And it's not like I'm not used to sleeping outdoors, or in a tent, or in a sleeping bag. A few years ago I traveled for about 6 months and spent every night except for about 10 in my bag/tent. I still get out for at least an overnighter just about every month.

I get enough sleep to still feel pretty good the next day, but there's a couple of long bouts of being wide awake in the middle of the night for an hour or so each time. I spend the time listening to the surroundings, listening to music, reading an e-book on my phone or studying my map. Eventually I sack out again.

spelt with a t
(spelt) - F

Locale: SW/C PA
Re: backcountry insomnia on 03/08/2013 09:43:35 MST Print View

My two standbys are beta blockers and a bandanna over my eyes. Benadryl works but leaves me feeling groggy if I try to wake up early.

Greg F
(GregF) - F

Locale: Canadian Rockies
Get up early, mid day naps on 03/09/2013 22:55:29 MST Print View

Being further north dawn is about 5 am and dusk 9 or later so this leads to long hiking days. I find getting up right at dawn even slightly before will leave me tired when night comes. Usually to drive to trailheads the first day I am up at 5 as well. I run into problems if I sleep in, the I cant get to sleep or wake up more. So getting up early is key for me

Edward Z
(Fuzz) - MLife

Locale: Sunny San Diego
+1 Earplugs , Benadryl and Hot Whisky Cider on 03/16/2013 18:00:21 MDT Print View

This knocks my butt out. Though the resultant snore might not work for close proximity neighbors!


Nick Gatel
(ngatel) - MLife

Locale: Southern California
How to go to sleep on 03/16/2013 18:26:24 MDT Print View

This is my method and it works every time.

1. Lay down in sleeping bag or quilt.

2. Close eyes.

3. Done. I am sleeping.

John Nausieda
(Meander) - MLife

Locale: PNW
Re: How to go to sleep on 03/16/2013 18:44:48 MDT Print View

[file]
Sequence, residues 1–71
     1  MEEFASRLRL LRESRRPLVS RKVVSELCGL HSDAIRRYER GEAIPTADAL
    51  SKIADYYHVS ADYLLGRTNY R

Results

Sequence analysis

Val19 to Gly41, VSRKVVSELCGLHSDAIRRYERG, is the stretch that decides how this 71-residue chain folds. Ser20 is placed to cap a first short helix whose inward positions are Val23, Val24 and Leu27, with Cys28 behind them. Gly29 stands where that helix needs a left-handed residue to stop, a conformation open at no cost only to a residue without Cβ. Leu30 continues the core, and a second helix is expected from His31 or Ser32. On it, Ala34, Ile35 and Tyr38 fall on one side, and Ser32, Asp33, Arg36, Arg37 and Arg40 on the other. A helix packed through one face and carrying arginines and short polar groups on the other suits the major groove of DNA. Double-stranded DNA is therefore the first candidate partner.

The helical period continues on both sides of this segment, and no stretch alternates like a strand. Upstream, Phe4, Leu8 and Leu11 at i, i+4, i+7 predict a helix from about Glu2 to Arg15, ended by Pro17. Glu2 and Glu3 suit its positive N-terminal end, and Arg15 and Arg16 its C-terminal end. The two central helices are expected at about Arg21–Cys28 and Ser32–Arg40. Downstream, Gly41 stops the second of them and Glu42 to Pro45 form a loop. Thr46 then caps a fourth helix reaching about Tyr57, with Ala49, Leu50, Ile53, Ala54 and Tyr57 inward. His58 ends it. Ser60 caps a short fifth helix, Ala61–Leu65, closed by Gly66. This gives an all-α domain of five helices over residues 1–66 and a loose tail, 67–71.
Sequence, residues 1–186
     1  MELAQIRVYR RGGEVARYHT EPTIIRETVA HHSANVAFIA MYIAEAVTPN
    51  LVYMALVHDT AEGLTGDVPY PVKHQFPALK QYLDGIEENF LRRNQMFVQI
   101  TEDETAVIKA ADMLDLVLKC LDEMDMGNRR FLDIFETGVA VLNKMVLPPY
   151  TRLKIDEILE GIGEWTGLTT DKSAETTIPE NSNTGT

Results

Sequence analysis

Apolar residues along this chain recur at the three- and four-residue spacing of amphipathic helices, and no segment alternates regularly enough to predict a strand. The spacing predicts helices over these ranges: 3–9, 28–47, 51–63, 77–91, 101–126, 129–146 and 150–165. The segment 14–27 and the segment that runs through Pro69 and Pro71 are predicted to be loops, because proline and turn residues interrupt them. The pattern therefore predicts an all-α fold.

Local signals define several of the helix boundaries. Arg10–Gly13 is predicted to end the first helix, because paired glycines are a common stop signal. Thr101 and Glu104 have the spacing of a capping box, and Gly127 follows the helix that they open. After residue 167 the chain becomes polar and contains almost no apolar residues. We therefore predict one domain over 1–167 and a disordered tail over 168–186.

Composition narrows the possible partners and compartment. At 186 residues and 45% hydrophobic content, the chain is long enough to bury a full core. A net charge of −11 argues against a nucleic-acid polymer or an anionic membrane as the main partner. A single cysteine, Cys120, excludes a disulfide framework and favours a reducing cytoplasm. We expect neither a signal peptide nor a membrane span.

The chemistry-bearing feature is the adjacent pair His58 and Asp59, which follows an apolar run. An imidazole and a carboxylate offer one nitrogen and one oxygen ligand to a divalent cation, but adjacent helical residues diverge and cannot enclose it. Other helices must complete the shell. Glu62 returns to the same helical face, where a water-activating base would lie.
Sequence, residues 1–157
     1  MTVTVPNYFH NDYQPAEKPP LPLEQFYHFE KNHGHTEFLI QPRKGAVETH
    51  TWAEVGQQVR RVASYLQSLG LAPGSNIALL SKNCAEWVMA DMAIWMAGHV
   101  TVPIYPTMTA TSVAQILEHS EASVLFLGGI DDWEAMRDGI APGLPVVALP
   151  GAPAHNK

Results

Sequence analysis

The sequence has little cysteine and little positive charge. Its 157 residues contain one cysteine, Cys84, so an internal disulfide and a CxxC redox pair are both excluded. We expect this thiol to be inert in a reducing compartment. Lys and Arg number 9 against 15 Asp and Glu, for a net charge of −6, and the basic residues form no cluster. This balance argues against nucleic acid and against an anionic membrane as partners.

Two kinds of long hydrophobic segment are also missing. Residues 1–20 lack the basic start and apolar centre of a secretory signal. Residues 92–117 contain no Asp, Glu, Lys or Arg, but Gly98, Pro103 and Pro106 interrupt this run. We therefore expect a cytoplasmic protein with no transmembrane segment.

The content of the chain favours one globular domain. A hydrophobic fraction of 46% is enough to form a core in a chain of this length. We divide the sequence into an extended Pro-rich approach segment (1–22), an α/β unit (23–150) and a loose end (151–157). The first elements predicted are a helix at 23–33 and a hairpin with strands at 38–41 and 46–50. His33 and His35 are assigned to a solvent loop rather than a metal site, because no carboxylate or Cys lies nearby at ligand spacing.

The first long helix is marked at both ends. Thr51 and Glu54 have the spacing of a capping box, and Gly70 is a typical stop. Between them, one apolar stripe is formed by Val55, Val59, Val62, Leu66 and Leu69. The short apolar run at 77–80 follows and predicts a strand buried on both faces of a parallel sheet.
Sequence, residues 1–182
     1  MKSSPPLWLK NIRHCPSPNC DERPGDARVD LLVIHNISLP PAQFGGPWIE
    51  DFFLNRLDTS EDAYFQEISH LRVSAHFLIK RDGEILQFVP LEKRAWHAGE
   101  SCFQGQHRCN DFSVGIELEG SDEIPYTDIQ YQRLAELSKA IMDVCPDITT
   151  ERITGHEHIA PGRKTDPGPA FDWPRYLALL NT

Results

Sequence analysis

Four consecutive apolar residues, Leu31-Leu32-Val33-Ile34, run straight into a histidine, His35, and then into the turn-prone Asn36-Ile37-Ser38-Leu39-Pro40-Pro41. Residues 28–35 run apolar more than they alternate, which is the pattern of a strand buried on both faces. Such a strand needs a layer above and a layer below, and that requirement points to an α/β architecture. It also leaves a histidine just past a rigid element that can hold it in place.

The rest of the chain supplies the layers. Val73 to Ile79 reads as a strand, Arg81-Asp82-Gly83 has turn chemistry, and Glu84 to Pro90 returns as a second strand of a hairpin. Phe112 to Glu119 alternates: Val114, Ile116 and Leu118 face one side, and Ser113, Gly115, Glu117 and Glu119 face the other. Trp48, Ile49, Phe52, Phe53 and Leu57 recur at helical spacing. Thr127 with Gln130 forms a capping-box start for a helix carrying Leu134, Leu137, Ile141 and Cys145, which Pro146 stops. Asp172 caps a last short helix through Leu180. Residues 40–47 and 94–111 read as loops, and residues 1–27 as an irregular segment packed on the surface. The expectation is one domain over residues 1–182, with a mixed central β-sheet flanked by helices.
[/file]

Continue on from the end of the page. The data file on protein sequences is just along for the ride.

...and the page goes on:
Magnesium, especially the form Magnesium Chloride , often referred to as Magnesium Oil { it isn't an oil but feels like one } applied trans-dermal to your skin will put you into a sound sleep daily for about a month when you apply it -after that time you become accustomed to it and the effect is diminished.Other forms of Magnesium can induce laxative effects.It is implicated in Calcium uptake and nervous system health as well as cell division.
It lowers blood pressure after about a month of daily application. There is no downside to it -it is cheap, and is a very common deficiency since industrial farming was introduced in the 40's.It has a calming effect and reduces muscle spasms and relieves arterial blood flow. Since there is no money to be made from it it is not of concern to people who sell Pharma for profit.

Edited by Meander on 03/16/2013 19:00:15 MDT.

John S.
(jshann) - F
Re: +1 Earplugs , Benadryl and Hot Whisky Cider on 03/16/2013 18:53:46 MDT Print View

Remember the danger in mixing benadryl (diphenhydramine hydrochloride) with alcohol drinks. Both depress your breathing in an additive way.

Edward Jursek

Locale: Pacific Northwest
backcountry insomnia on 03/16/2013 19:51:52 MDT Print View

I find the following works:

1.) High milage - this is different for each of us, but for me 15 miles is good and 20 miles is my max.

2.) Routine - I follow the same routine each night. I break for dinner on the trail around 4 to 5pm. Eat, clean up, pack up, and then hike until dusk. Make camp, set aside my evening snack of chocolate, hang my food, and tuck in by dark. I do my audio journal on my iPhone, then play Texas Hold'em or cribbage until I can't keep awake.

3.) Comfortable sleep gear - Exped UL 7 mat, Exped UL pillow, a nice Feathered Friends bag, merino sleeping cloths. I have a lot of weight tied up in my sleep system.

4.) Booze - I plan on about 2 oz per night carried in a recycled water bottle.

The last few years my sleeping has been great, averaging about 9 to 10 hours a night, even during storms. I got 11 hours in a couple of times last season.